Every now and then, I come across a dish that makes me say "DUH!" — yes, a dish so elementary in its concept, it makes me speak like a 14-year-old. Yook soo is beef broth that you drink like tea. DUH. How perfectly genius is that? It's usually served at naeng myun restaurants where the steaming, rich broth offsets the cold spiciness of bibim naeng myun or hwae naeng myun. It's also a great counterpoint to the vinegary tartness of mul naeng myun. I can usually go through a jug of this stuff on my own . . . I don't think that you're supposed to drink that much, hence the strange looks from our servers when I request for my cup to be refilled again and again. But to be honest, I don't really care about appearances when I'm confronted with a seemingly bottomless carafe of yook soo. It's that good.
I made a pot of this a few months ago, and we managed to polish it off rather quickly. So tonight I pulled out the 16-quart stockpot and went to town. As with any rich stock, it needs to simmer for several hours to draw the flavor out from the bones. In fact, as I write this, it's still on the stove. Not sure where I will end up storing it all considering that my freezer is at capacity. Guess we'll just have to drink it. Darn.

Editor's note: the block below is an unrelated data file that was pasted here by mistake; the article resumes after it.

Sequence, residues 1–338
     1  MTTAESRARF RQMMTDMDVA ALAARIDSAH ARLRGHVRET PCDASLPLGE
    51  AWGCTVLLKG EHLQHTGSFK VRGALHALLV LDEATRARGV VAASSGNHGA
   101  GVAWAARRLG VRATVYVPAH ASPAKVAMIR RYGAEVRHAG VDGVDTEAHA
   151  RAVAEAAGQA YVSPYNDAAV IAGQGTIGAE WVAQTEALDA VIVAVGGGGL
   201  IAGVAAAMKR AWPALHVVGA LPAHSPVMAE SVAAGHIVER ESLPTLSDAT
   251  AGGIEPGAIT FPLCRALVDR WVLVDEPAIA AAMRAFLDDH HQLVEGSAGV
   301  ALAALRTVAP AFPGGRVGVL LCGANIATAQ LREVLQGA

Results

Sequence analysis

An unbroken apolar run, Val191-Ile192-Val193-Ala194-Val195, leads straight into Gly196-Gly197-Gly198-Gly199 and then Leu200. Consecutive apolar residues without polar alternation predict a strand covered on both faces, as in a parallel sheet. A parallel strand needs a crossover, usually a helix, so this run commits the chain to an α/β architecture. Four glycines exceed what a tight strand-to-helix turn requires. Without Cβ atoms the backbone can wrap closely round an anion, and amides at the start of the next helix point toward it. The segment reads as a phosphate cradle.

- 6 lbs. beef bones (preferably leg bones, but knee and back bones will work, too)
- 1 Korean radish (moo), peeled
- 1 onion, peeled
- 5 cloves garlic
- Beef dashida, to taste
- Parboil the bones: Thoroughly wash the bones under cold water, scrubbing off bone fragments and bits of fat and sinews. Place in a large stockpot, cover with water, and bring to a boil over high heat. Reduce heat, and allow bones to simmer for about 20 minutes. You should see scum and residue from the bones rise to the surface. Drain the bones and discard the water. Scrub out the pot, then place the bones back into the pot, cover with water, and bring to a boil. If more residue appears on the surface of the water, repeat simmering, draining, and cleaning the pot until the water boils clean.
- Once the broth boils clear, add radish, onion, and garlic to the water. Add more water, depending on how much broth you want to end up with. Bring back to a boil, and simmer gently for 5-6 hours.
- To serve, transfer enough stock for one serving to a smaller pot and season with dashida. Store the rest in air-tight containers in the freezer for up to 3 months.